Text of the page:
Anyhow, the return to Sonora signified a return to reality (or something of the sort). I suppose I need to allow myself to get back to this routine of blood draws and infusions. It's been such a welcome respite, being out of doctor's offices and labs and scanners for a while. Alas, I knew it was fleeting. However, sometime along the course of an otherwise pleasant night, I had a moment.

A moment of, "Oh god, I don't want to go back there. Please, please don't make me go back there." Which was immediately followed by a string of ridiculous "what-ifs" running through my crowded mind. What if the side effects weren't all from the Taxotere? What if I need a port? What if I start to swell up again? What if it's too much on my heart? What if I don't want to talk to anyone back there? Meanwhile my inner voice was exclaiming, "But I'm feeling GOOD. I'M FINALLY FEELING GOOD! I don't WANT more drugs in my veins!!!" What I unfortunately forgot is all too simple. THIS is what I wanted. This option is victory! Thing is, it's STILL what I want. I guess, for a moment, I forgot.

The strangest part of all that is that it was the first time in a very long time that I found myself a little sad. However, realization of the fact that it was so long since I had been sad was actually quite enlightening. Also, it's amazing how therapeutic it can be to pet a grey dog's soft ears for a little while. I've still got this thing beat, in the long run - chronic or not. I just had to get past the fact that I still had work to do, and that the break was just that. A break. Now? I have to lace up, show up, and after today, realize that this is the easy part. It's a small price. Yes, another. But I'm determined to ride this wave as long and as loudly as I can. The truth is that this is the easy part. Big deal. Herceptin. No debilitating side effects, no fatigue, no hair loss. I think perhaps, I just got temporarily spooked.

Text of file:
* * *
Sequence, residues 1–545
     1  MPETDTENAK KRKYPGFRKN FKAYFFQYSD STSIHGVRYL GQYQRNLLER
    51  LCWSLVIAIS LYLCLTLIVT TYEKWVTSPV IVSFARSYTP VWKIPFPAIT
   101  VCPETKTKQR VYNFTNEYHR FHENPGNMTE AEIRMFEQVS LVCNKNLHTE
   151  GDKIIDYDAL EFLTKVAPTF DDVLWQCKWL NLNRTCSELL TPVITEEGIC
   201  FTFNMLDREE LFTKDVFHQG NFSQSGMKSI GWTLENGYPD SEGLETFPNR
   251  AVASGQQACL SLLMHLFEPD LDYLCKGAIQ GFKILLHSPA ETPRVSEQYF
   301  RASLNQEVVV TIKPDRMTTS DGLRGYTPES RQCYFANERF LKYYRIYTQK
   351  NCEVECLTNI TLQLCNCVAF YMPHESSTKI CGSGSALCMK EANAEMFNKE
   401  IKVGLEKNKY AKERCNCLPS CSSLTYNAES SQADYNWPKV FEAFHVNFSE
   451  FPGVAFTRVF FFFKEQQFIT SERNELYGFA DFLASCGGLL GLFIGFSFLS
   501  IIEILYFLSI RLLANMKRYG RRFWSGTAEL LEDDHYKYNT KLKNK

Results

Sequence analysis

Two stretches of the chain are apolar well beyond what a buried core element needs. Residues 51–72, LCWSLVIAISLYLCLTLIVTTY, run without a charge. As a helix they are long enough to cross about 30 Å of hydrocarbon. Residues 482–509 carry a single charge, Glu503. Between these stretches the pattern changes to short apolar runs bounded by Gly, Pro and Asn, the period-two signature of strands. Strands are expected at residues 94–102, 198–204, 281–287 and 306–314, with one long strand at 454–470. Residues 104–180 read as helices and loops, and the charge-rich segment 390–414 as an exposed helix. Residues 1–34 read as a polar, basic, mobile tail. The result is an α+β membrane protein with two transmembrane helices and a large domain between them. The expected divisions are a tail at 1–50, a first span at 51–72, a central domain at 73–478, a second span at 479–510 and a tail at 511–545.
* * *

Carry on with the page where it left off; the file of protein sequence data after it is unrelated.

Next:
Today, I'm going to show up with a smile, like I always do. I get to tell Dr. Cav that I'm going to ride this wave, and go with the Herceptin, until I am forced to make another decision. Then, I will walk back to that chemo suite (after the mandatory waiting, of course), stick out my arm, and expect that they will find a vein (and most likely will have taken my precautionary Ativan). Half an hour or so later, I'm going to walk out of there, still strong and fuzzy-headed, knowing that this truly is a small price.

After that, I'll head off to tackle more important things, like the business of growing hair. I hear it's even dark in the dark these days...



    love you jen. thoughts are with you.

    On January 30, 2008 at 10:40 AM alyson said...

    ready? Set? GO! I will lace up with you.

    I soooo get the port-phobia-reluctance whatever and I remember all too well the "I don't want to go in there - don't make me go in there" feeling, but the reality is that the going in there is what will keep you alive....but you know about this. Next time you get the "I don't want to go in there's", give me a call and I'll go in with you.....cuz you got this thing beat!